In the summer of 2016, the Indiana Pacers needed more scoring and pace from the point guard position as Larry Bird was desperately trying to hold on to his superstar. The Pacers traded their defensive guard George Hill so they could add Jeff Teague, a pick and roll scorer and playmaker, to compliment Paul George. After five years, Hill left his hometown, went to the Utah Jazz, who hadn’t had a quality point since Deron Williams fled for the Nets.
Hill arrived in Salt Lake and around the league people thought George Hill had gone to where veterans on expiring contracts go to die. But George Hill had the last word.
In 2016-17 George Hill, the same George Hill who was traded from San Antonio to the Indiana Pacers for rookie Kawhi Leonard, the same George HIll who had been in two Eastern Conference Finals, the Indianapolis native George Hill who once called out the Indiana fans to stop rooting for the opponent, that George Hill was transformed in Salt Lake. He had a career year.
He took the most shots of his career and made the most shots. Career highs in field goal percentage, 40% from three. He had never been to the line as much as when he was with the Jazz. Career high in scoring, offensive rating, PER. His +/- was +9.3. When he played the Pacers in Salt Lake he had 30 points, went to the line 11 times, on 56.3% shooting. He had the last word.
He only played 49 games but he was healthy for the playoffs and the Jazz upset the Clippers in the first round. If you were writing the script, it was just about perfect for a free agent year and proving your worth.
Hill though had some detractors. He was never going to be an A-level point guard. He could defend and make open shots when need be but he was only as good as the third option, despite his leadership intangibles.
A free agent coming off a great year, he was wanted. Magic Johnson and the Lakers came calling but only with a one year deal. The Nuggets were interested. The Knicks always need a point guard. But Hill shocked everyone and signed a three year deal with the Kings for $57 million. It went against form. Most veterans- Hill was drafted in 2008- run as far and as fast as they can from rebuilding teams and Sac town especially (known for their rocky front office and zero stability). Unless they are taking a boat load of money.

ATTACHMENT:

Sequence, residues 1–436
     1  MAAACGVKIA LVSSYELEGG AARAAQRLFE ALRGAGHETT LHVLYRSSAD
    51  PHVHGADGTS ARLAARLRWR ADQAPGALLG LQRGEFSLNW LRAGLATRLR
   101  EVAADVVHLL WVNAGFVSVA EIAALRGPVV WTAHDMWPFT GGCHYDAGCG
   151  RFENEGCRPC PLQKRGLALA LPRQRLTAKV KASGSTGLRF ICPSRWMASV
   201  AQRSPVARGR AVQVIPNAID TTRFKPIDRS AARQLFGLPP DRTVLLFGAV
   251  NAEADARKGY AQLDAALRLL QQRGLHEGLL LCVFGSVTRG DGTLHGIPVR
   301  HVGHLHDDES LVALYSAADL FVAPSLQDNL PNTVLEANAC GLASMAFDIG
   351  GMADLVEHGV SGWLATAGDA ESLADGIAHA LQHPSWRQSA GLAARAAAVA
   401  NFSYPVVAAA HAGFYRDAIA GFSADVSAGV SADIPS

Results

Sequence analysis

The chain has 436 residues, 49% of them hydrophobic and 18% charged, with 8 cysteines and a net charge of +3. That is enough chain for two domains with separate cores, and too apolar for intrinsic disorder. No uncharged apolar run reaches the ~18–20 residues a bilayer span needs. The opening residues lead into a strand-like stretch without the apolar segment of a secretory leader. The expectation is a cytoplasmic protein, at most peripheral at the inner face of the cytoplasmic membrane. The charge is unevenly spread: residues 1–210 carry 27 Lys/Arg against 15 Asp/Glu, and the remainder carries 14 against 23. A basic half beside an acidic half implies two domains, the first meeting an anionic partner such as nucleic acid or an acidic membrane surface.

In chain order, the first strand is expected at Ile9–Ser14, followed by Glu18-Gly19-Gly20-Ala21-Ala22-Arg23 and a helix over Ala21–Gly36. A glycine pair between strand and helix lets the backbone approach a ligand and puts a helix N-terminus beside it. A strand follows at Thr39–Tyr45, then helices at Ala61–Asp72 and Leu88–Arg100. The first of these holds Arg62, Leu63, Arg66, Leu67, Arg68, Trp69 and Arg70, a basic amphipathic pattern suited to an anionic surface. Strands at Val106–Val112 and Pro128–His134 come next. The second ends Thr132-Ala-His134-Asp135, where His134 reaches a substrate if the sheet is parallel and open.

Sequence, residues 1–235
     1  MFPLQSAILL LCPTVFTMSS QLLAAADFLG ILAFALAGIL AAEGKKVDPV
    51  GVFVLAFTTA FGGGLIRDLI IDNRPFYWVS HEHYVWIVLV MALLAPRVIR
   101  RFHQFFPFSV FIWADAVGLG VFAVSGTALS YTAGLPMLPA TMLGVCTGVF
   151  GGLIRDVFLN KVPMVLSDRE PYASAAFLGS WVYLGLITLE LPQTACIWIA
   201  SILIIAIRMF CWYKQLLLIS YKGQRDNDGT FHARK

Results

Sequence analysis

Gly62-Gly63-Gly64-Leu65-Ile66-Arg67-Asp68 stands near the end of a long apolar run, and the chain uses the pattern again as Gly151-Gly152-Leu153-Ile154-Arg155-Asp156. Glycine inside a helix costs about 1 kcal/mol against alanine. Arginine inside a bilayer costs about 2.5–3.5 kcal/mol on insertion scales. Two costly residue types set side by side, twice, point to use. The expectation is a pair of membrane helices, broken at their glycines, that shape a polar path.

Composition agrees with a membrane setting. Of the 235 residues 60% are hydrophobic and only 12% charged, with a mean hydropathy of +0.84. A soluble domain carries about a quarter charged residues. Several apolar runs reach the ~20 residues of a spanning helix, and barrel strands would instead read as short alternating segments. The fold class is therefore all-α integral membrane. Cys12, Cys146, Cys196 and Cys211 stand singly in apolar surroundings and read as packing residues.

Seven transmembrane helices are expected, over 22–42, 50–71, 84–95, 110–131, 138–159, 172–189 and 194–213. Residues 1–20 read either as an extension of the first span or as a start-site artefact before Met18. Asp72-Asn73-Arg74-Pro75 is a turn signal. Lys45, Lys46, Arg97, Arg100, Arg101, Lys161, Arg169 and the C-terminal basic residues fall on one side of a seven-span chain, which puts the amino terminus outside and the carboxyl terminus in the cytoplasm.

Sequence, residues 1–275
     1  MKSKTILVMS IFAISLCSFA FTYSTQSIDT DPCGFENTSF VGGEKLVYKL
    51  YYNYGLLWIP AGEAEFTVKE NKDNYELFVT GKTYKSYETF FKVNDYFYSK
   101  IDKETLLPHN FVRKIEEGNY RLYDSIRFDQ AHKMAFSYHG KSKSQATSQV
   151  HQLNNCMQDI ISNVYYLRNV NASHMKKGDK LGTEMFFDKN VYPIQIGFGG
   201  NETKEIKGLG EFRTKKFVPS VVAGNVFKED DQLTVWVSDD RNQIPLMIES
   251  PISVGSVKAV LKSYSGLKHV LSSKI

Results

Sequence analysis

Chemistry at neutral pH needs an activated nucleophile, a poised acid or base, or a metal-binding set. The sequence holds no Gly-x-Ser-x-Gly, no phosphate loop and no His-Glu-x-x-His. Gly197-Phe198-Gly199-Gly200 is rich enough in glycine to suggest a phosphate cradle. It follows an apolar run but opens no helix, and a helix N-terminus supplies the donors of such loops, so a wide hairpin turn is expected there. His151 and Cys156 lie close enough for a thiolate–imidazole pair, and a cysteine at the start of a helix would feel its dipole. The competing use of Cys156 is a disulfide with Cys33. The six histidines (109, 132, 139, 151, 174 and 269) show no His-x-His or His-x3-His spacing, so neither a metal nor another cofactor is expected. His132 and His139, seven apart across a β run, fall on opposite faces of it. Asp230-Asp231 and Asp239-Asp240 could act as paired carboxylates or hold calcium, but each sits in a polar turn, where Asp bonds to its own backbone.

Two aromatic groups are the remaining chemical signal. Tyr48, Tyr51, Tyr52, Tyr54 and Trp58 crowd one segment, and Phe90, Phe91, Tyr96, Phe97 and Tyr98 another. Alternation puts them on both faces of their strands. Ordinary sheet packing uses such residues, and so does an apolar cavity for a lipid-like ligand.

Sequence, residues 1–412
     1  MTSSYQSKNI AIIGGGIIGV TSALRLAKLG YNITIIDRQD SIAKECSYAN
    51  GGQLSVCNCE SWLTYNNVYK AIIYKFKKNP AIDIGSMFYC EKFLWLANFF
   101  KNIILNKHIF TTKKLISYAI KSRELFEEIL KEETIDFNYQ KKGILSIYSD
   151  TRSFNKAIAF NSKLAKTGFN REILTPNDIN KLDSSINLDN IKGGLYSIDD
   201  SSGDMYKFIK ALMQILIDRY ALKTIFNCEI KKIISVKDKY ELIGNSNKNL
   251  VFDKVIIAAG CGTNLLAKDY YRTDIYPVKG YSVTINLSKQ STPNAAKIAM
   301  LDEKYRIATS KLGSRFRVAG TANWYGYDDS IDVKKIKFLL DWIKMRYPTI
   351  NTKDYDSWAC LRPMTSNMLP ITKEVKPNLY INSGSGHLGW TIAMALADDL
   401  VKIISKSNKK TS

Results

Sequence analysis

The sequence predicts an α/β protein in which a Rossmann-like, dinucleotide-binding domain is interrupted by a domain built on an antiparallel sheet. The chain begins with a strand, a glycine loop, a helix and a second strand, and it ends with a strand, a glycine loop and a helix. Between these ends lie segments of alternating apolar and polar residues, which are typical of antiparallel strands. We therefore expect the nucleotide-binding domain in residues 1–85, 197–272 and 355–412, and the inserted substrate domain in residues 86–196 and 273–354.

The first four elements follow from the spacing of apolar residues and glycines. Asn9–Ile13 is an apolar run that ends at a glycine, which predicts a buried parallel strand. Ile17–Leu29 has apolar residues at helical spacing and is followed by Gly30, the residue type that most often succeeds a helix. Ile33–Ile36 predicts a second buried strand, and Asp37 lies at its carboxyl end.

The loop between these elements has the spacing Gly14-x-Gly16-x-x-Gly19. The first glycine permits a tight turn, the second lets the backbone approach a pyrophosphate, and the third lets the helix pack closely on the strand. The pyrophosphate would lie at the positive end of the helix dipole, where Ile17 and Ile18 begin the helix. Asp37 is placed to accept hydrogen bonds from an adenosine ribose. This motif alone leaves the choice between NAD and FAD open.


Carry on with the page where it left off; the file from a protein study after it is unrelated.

Clearly the money was the thing and I’m not hating. Take what you can get if you are not a top tier player. But Sacramento is doomsday. They haven’t been to the playoffs since 2006. Eleven straight losing seasons. Once they traded DeMarcus Cousins, they basically waved the white flag for the next five years. So $19 million is nice but what about all that losing?
George Hill has only had one losing season in his career and that was 2014-15 when Paul George was down with an injury. Already, it’s looking grim for Hill in Sac-town. He is not averaging 10 points a game. His 8.1 shots are a four year low. He is going to the free throw line at a depressing rate, 1.6 trips. He is a stranger in a strange land.
His rebounds are down, his assists are down, his turnovers are a career high. The last time he averaged 9.6 points (his current average) Kobe Bryant was still polishing his fifth ring while waiting for Dwight Howard to be his teammate.
Hill’s bread and butter, his defense, the reason anyone wanted George Hill in the first place, is atrocious. The worst defensive rating of his career. Of the Sac players logging 20+ minutes, George Hill has the worst defensive rating. Even old and slow Zach Randolph has been a better defender.
The Kings don’t do anything well on offense. They can’t shoot the ball with any kind of regularity. They don’t rebound, block shots, pass. They are at the bottom of the league in scoring. Their defense isn’t atrocious but it isn’t able to keep them in games with such weak offensive production. Their one win on the year was against a team just as bad as they are, the Dallas Mavericks.
Kings fans are not happy. They were a little bit shaky on paying a 31 year old that much money when he can’t drop 20 on Steph Curry and company. But Hill has never played on a team without an All-Star. His first few years he was with the Spurs and Tim Duncan, then Paul George and last season Gordon Hayward.
The Kings have out of their prime players like Zach Randolph and Vince Carter and then they have the kids, not an All-Star in sight. Hill, not dominant offensively, needs a star’s double teams to play off of, he needs finishers. He hasn’t been aggressive in his short time in Sacramento.
It’s Sacramento so this is what happens. You spend money and you don’t get a return. What Kings fans are hoping far is that this is Hill adjusting to his third team in three years and he’ll pick it up. Fast. Otherwise, it’s more doom and gloom for the worst organization in the NBA.
photo via llananba